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Video: Age-proof your memory

updated 2/11/2008 11:06:54 AM ET 2008-02-11T16:06:54

Did you lose your car keys again? Forget to buy something at the grocery store? It’s frustrating, and as we age, it happens to all of us. But there’s good news: Research has found that 70 percent of our risk of developing memory-affecting diseases like Alzheimer’s is based on factors we can control — such as diet, fitness and stress levels. And keeping your brain active can have the same effect on your mind as a workout can on your body.

Some things to keep “in mind”:

Reduce stress
Breathe deeply. Processing new information when we’re anxious is tough. The stress itself is a distraction. Try this relaxation technique:

  • Close your eyes, touch your pinky fingers to your thumbs, and think about that healthy feeling after a good workout. Take deep breaths and hold that thought for 30 seconds. For your middle finger, recall a caring gesture, and for your index finger, imagine a beautiful place. Daydream to reduce stress.

Sleep eight hours a night
Your brain needs sleep to function properly. It uses the down time to sort and store info. New research shows it also helps with recall.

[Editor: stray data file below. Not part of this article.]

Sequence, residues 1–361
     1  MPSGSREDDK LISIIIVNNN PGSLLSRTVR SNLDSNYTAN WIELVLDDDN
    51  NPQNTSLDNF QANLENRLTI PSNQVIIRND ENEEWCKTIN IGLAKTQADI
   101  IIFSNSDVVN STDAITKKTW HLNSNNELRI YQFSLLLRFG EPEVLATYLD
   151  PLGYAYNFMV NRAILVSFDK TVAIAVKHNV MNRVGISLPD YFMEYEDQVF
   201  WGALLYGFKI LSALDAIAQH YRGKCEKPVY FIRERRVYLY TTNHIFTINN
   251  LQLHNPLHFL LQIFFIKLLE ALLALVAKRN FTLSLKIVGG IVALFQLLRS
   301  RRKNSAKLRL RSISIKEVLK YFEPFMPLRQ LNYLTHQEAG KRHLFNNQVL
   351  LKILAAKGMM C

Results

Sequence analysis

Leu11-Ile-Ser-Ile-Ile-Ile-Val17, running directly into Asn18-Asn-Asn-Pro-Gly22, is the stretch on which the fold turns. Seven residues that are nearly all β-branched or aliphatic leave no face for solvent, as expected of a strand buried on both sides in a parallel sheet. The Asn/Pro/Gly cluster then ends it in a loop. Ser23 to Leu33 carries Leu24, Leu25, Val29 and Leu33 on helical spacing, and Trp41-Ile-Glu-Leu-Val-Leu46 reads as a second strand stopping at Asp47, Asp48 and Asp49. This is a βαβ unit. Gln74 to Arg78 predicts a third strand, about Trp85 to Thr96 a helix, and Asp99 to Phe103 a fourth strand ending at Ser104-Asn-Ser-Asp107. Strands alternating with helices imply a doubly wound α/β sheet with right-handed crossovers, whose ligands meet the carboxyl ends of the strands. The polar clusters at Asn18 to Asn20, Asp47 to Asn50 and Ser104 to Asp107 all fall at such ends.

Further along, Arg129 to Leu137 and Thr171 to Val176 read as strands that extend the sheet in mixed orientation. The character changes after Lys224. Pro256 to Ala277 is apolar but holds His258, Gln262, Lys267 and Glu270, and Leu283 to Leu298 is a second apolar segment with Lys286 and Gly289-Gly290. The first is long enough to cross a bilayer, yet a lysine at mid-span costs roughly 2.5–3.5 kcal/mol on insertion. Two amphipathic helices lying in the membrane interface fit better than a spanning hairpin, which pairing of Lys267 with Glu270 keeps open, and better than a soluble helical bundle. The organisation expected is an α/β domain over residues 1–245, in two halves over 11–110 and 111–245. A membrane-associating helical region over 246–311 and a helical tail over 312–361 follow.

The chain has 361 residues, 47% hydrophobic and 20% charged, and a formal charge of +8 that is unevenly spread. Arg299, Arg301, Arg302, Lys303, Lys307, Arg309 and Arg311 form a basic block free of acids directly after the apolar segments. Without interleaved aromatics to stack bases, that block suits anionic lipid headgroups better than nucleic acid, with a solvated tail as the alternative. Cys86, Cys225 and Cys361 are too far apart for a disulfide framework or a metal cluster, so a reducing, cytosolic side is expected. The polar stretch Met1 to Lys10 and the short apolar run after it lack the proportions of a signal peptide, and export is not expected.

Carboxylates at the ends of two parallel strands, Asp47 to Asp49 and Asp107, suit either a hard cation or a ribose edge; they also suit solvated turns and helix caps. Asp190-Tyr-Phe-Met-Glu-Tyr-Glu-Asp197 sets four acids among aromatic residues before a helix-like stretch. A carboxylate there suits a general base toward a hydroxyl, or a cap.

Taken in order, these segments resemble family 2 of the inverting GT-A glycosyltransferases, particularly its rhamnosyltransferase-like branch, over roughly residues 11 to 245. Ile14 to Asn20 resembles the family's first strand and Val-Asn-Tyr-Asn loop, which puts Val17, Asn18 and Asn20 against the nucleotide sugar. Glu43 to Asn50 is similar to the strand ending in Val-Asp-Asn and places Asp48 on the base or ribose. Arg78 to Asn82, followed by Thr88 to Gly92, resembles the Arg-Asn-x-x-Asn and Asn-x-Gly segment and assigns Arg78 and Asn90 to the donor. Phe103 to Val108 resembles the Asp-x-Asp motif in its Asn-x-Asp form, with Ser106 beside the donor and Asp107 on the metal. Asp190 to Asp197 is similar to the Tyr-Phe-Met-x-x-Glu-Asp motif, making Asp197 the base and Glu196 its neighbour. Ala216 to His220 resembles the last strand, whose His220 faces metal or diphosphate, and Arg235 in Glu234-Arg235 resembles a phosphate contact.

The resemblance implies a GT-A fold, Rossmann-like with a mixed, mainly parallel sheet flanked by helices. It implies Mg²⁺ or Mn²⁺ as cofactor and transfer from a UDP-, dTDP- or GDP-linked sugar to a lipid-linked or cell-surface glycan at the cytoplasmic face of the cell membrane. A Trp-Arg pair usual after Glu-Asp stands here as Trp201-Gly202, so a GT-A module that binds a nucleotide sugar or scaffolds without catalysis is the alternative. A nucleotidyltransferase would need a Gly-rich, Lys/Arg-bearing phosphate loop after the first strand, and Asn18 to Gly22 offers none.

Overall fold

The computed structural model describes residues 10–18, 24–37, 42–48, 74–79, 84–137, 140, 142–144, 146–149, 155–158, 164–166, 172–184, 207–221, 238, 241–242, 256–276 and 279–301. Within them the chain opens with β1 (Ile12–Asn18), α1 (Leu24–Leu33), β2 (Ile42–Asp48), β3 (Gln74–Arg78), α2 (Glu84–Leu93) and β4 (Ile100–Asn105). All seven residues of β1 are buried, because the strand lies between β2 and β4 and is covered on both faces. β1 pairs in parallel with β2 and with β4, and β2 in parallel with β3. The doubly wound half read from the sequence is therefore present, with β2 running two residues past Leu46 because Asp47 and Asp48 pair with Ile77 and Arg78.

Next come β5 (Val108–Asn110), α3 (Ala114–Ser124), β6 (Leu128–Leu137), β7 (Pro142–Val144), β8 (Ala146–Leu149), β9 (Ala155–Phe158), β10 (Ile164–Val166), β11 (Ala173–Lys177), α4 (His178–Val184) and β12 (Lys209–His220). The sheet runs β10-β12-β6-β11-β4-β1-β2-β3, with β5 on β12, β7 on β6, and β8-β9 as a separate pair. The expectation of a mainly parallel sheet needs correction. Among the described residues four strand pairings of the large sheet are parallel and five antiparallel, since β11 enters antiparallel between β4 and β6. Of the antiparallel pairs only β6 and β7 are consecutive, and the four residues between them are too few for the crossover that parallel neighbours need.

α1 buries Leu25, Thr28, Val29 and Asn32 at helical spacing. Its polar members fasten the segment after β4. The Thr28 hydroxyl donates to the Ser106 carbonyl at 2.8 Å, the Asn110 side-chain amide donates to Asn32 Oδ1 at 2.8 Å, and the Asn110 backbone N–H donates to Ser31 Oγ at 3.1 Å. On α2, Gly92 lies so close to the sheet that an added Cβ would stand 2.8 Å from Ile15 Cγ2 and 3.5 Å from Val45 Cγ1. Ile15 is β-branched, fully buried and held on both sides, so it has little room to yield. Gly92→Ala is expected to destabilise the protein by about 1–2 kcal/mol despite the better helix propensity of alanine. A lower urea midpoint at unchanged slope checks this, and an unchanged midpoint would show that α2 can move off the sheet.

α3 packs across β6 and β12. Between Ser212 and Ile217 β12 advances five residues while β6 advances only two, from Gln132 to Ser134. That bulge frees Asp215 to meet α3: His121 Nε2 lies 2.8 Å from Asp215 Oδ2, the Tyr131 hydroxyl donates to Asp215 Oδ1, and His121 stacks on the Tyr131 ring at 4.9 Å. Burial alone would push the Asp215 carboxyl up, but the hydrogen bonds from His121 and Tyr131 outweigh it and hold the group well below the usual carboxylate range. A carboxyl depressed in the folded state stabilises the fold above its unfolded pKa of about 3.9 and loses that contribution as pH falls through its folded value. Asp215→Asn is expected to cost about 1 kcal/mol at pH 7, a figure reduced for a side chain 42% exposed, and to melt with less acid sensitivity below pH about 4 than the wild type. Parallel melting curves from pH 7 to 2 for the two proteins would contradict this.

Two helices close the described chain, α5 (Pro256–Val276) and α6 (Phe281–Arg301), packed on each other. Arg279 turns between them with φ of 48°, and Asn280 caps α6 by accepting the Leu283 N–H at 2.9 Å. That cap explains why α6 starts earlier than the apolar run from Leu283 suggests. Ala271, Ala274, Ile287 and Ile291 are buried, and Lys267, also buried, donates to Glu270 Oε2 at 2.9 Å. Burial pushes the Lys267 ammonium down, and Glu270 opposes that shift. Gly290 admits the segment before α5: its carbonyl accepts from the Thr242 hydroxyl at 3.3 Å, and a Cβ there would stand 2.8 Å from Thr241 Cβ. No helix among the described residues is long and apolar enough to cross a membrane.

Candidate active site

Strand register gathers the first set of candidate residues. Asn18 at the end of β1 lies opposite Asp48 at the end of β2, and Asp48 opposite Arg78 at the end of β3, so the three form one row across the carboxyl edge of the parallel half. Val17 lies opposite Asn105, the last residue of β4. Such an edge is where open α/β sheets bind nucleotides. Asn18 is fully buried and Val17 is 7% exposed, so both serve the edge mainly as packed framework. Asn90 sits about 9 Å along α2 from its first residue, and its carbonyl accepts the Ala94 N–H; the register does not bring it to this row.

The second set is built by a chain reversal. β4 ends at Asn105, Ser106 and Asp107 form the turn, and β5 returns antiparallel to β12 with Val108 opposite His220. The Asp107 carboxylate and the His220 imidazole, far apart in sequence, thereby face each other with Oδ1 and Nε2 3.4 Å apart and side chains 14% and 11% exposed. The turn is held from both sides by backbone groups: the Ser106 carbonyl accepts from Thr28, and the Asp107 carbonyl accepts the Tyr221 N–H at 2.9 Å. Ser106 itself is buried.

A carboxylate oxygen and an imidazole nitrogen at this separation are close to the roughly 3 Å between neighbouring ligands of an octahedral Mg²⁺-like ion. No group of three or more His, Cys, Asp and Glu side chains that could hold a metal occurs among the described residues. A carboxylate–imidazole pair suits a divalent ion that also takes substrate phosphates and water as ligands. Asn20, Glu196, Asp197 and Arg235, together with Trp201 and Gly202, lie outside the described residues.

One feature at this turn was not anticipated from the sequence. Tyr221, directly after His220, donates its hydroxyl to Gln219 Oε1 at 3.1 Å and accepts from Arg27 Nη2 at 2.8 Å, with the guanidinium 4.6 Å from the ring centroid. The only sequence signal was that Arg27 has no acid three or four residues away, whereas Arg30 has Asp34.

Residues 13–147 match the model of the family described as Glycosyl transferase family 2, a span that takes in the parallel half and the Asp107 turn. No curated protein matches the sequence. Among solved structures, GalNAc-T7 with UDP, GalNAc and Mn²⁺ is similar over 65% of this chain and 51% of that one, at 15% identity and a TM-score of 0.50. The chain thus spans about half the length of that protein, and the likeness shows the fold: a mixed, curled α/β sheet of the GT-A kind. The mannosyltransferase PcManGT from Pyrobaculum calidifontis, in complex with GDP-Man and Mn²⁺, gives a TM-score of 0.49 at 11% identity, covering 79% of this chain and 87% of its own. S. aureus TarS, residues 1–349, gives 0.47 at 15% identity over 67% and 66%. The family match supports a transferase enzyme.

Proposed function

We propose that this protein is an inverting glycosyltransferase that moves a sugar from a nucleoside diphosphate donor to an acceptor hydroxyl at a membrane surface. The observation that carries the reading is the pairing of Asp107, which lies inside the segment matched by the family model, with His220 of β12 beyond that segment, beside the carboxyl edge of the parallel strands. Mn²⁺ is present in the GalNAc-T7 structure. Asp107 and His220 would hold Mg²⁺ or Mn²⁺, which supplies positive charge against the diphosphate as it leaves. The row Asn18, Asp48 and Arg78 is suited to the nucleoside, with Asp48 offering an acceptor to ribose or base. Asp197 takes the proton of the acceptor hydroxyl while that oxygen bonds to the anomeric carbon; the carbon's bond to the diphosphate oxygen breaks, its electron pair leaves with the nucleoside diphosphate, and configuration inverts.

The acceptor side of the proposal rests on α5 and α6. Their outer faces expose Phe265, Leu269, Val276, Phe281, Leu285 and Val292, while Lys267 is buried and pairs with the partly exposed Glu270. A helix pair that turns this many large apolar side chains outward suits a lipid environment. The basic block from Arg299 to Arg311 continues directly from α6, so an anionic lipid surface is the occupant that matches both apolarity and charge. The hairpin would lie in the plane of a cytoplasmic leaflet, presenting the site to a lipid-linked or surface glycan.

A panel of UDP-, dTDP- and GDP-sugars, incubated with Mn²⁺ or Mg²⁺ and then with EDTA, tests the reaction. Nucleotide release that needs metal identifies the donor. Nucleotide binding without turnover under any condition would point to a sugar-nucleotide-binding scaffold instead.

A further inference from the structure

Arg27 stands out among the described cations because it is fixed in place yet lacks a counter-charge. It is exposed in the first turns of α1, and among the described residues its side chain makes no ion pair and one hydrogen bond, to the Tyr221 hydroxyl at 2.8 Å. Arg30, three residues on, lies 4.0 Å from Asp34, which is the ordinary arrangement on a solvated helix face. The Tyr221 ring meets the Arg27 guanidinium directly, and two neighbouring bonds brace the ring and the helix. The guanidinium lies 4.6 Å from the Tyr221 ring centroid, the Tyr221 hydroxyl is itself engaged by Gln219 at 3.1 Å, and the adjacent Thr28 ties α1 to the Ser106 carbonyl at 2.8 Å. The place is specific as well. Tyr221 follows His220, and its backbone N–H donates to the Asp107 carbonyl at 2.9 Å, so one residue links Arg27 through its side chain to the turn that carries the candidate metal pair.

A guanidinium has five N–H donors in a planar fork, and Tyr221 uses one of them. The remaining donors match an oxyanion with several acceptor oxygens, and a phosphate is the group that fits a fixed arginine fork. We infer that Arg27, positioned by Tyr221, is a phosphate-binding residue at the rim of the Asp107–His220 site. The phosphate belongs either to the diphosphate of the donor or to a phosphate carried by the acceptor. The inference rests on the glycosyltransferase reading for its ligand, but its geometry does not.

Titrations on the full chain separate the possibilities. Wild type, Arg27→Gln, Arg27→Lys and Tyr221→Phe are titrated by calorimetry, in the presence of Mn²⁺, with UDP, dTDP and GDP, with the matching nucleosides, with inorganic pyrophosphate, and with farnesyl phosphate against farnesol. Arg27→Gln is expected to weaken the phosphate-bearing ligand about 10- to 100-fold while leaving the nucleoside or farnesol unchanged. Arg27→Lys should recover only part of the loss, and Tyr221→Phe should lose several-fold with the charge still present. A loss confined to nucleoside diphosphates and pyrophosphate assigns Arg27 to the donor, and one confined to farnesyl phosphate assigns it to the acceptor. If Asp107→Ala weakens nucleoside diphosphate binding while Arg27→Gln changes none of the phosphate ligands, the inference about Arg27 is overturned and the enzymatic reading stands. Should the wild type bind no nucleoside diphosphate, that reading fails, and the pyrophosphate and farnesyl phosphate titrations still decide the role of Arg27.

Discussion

Get regular exercise

  • A Harvard Health Watch study found that for every mile a woman walked each day, her risk of cognitive decline dropped by 13 percent.
  • A University of Illinois study showed that cardio actually increased the volume of the brain (creating new neurons or cells) and white matter (connections between neurons) in the frontal lobes, which contribute to attention and memory processing.

Cross-train your brain. Do something new every week.
It’s not enough to do a crossword puzzle daily; you need to shake it up. Find 20 minutes, four times a week to do a variety of mentally stimulating activities.

  • Switch the newspaper that you read.
  • Learn a new function on your cell phone.
  • Drive a different route to work, even talk to a new person.
  • Do Sudoku.
  • Play online brain games.

Feed your brain
Research has proven that “brain food” can improve short-term memory. Here’s what you should eat to feed your brain:

  • Blueberries: Have a cup a day.
  • Fatty fish, like salmon, with omega-3s. Research has shown that they actually grow brain cells!
  • Increase your intake of fruits, vegetables. All help protect and nourish brain cells.
  • Cut saturated fat to keep heart strong and pumping blood to your head.       
  • Rosemary and turmeric have also been shown to stimulate the brain — add a pinch of each three times a day into your food.

Copyright© 2012 Rodale Inc.All rights reserved. No reproduction, transmission or display is permitted without the written permissions of Rodale Inc.


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